I'm working on an app which scrapes data from a website and I was wondering how I should go about getting the data. Specifically I need data contained in a number of div tags which use a specific CSS class - Currently (for testing purposes) I'm just checking for

div class = "classname"

in each line of HTML - This works, but I can't help but feel there is a better solution out there.

Is there any nice way where I could give a class a line of HTML and have some nice methods like:

boolean usesClass(String CSSClassname);
String getText();
String getLink();
Was it helpful?


Several years ago I used JTidy for the same purpose:

"JTidy is a Java port of HTML Tidy, a HTML syntax checker and pretty printer. Like its non-Java cousin, JTidy can be used as a tool for cleaning up malformed and faulty HTML. In addition, JTidy provides a DOM interface to the document that is being processed, which effectively makes you able to use JTidy as a DOM parser for real-world HTML.

JTidy was written by Andy Quick, who later stepped down from the maintainer position. Now JTidy is maintained by a group of volunteers.

More information on JTidy can be found on the JTidy SourceForge project page ."


Another library that might be useful for HTML processing is jsoup. Jsoup tries to clean malformed HTML and allows html parsing in Java using jQuery like tag selector syntax.

The main problem as stated by preceding coments is malformed HTML, so an html cleaner or HTML-XML converter is a must. Once you get the XML code (XHTML) there are plenty of tools to handle it. You could get it with a simple SAX handler that extracts only the data you need or any tree-based method (DOM, JDOM, etc.) that let you even modify original code.

Here is a sample code that uses HTML cleaner to get all DIVs that use a certain class and print out all Text content inside it.

import java.util.ArrayList;
import java.util.Iterator;
import java.util.List;

import org.htmlcleaner.HtmlCleaner;
import org.htmlcleaner.TagNode;

 * @author Fernando Miguélez Palomo <fernandoDOTmiguelezATgmailDOTcom>
public class TestHtmlParse
    static final String className = "tags";
    static final String url = "";

    TagNode rootNode;

    public TestHtmlParse(URL htmlPage) throws IOException
        HtmlCleaner cleaner = new HtmlCleaner();
        rootNode = cleaner.clean(htmlPage);

    List getDivsByClass(String CSSClassname)
        List divList = new ArrayList();

        TagNode divElements[] = rootNode.getElementsByName("div", true);
        for (int i = 0; divElements != null && i < divElements.length; i++)
            String classType = divElements[i].getAttributeByName("class");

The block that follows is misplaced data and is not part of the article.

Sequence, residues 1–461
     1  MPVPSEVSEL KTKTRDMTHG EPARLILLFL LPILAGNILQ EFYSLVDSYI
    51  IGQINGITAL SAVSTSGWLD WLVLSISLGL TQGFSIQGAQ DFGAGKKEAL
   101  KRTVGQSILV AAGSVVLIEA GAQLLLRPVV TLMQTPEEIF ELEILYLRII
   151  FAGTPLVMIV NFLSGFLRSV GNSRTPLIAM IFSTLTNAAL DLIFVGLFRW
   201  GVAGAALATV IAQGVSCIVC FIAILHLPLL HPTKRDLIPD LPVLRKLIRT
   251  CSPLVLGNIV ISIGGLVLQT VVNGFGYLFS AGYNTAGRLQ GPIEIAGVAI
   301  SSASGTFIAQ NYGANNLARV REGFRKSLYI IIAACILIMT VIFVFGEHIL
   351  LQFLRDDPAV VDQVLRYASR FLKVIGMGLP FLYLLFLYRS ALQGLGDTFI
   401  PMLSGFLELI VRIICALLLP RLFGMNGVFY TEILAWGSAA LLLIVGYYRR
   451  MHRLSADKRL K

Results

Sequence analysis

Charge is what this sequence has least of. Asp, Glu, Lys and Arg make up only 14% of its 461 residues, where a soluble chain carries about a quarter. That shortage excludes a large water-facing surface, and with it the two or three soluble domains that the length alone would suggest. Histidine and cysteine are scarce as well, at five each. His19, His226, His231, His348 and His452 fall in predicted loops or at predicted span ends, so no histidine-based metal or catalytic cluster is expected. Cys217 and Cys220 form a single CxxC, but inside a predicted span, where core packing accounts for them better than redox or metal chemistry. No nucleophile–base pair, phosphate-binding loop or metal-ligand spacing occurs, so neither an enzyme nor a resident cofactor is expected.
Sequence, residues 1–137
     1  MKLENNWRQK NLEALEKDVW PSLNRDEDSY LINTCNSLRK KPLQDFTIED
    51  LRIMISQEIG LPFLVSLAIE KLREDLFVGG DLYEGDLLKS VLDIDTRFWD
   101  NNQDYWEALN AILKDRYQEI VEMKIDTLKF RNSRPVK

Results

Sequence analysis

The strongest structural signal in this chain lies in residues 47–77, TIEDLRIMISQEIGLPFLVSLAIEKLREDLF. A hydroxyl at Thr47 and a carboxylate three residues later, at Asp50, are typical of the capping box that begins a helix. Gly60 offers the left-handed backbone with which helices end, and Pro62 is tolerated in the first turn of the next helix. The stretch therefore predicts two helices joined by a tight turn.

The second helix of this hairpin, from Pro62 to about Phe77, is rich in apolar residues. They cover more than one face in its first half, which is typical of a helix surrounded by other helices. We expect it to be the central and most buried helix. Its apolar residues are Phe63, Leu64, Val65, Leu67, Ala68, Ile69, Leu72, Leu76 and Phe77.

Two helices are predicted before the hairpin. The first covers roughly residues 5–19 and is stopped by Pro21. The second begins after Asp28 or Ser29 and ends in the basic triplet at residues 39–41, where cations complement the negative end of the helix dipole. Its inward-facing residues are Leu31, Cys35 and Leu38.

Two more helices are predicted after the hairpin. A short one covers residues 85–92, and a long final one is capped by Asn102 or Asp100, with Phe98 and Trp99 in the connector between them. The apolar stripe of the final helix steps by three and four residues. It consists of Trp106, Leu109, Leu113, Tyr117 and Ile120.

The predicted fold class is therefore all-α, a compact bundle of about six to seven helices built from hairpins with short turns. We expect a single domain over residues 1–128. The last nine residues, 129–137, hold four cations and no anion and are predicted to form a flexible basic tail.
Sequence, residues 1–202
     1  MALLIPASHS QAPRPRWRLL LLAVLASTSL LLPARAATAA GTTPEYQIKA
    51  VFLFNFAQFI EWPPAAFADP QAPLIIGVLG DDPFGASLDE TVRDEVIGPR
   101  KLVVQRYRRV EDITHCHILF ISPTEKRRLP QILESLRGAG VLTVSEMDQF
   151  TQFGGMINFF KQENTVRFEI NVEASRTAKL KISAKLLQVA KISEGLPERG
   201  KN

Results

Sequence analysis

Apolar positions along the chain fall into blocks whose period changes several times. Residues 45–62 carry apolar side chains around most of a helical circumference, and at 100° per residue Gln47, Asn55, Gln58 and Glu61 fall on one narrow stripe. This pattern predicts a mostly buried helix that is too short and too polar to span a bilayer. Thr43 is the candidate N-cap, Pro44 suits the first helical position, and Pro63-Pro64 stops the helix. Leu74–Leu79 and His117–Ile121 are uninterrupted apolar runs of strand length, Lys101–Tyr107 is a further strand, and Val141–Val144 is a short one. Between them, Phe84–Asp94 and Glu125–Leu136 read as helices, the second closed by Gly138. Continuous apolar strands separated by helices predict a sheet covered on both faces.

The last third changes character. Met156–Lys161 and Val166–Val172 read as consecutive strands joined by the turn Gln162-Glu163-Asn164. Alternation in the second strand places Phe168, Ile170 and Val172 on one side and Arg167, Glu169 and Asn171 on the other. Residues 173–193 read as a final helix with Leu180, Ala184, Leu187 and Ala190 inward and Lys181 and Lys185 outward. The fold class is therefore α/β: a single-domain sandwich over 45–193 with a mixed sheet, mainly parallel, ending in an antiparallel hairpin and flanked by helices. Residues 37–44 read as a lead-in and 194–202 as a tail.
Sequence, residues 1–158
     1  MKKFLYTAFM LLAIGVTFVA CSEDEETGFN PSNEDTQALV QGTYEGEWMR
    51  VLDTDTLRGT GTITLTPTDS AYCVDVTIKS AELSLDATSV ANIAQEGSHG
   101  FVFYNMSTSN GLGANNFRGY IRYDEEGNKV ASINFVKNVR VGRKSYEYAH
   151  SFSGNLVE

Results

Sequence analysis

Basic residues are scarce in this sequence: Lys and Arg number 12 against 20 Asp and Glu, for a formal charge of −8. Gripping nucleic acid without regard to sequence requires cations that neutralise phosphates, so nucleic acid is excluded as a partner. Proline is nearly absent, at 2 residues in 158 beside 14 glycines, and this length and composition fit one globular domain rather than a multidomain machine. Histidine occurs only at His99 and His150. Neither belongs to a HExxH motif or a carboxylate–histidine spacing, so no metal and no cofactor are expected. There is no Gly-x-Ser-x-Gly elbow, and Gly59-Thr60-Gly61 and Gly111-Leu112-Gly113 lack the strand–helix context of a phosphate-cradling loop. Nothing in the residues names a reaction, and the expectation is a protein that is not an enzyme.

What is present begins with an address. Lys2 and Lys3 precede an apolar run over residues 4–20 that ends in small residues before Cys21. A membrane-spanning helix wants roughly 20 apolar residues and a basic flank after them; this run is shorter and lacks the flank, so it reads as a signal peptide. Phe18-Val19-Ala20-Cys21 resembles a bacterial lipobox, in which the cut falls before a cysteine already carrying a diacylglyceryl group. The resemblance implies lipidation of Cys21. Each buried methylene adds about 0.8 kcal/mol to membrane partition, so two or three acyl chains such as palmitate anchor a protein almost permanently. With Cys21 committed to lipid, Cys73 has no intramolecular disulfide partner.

if (classType != null && classType.equals(CSSClassname))

        return divList;

    public static void main(String[] args)
            TestHtmlParse thp = new TestHtmlParse(new URL(url));

            List divs = thp.getDivsByClass(className);
            System.out.println("*** Text of DIVs with class '"+className+"' at '"+url+"' ***");
            for (Iterator iterator = divs.iterator(); iterator.hasNext();)
                TagNode divElement = (TagNode);
                System.out.println("Text child nodes of DIV: " + divElement.getText().toString());
        catch(Exception e)

You might be interested by TagSoup, a Java HTML parser able to handle malformed HTML. XML parsers would work only on well formed XHTML.

The HTMLParser project ( might be a possibility. It seems to be pretty decent at handling malformed HTML. The following snippet should do what you need:

Parser parser = new Parser(htmlInput);
CssSelectorNodeFilter cssFilter = 
    new CssSelectorNodeFilter("DIV.targetClassName");
NodeList nodes = parser.parse(cssFilter);


Easy to use, supports not well formed HTML, a lot of examples.

HTMLUnit might be of help. It does a lot more stuff too.

Let's not forget Jerry, its jQuery in java: a fast and concise Java Library that simplifies HTML document parsing, traversing and manipulating; includes usage of css3 selectors.


Jerry doc = jerry(html);
doc.$("div#jodd p.neat").css("color", "red").addClass("ohmy");


doc.form("#myform", new JerryFormHandler() {
    public void onForm(Jerry form, Map<String, String[]> parameters) {
        // process form and parameters

Of course, these are just some quick examples to get the feeling how it all looks like.

The nu.validator project is an excellent, high performance HTML parser that doesn't cut corners correctness-wise.

The HTML Parser is an implementation of the HTML5 parsing algorithm in Java. The parser is designed to work as a drop-in replacement for the XML parser in applications that already support XHTML 1.x content with an XML parser and use SAX, DOM or XOM to interface with the parser. Low-level functionality is provided for applications that wish to perform their own IO and support document.write() with scripting. The parser core compiles on Google Web Toolkit and can be automatically translated into C++. (The C++ translation capability is currently used for porting the parser for use in Gecko.)

You can also use XWiki HTML Cleaner:

It uses HTMLCleaner and extends it to generate valid XHTML 1.1 content.

If your HTML is well-formed, you can easily employ an XML parser to do the job for you... If you're only reading, SAX would be ideal.

Licensed under: CC-BY-SA with attribution
Not affiliated with StackOverflow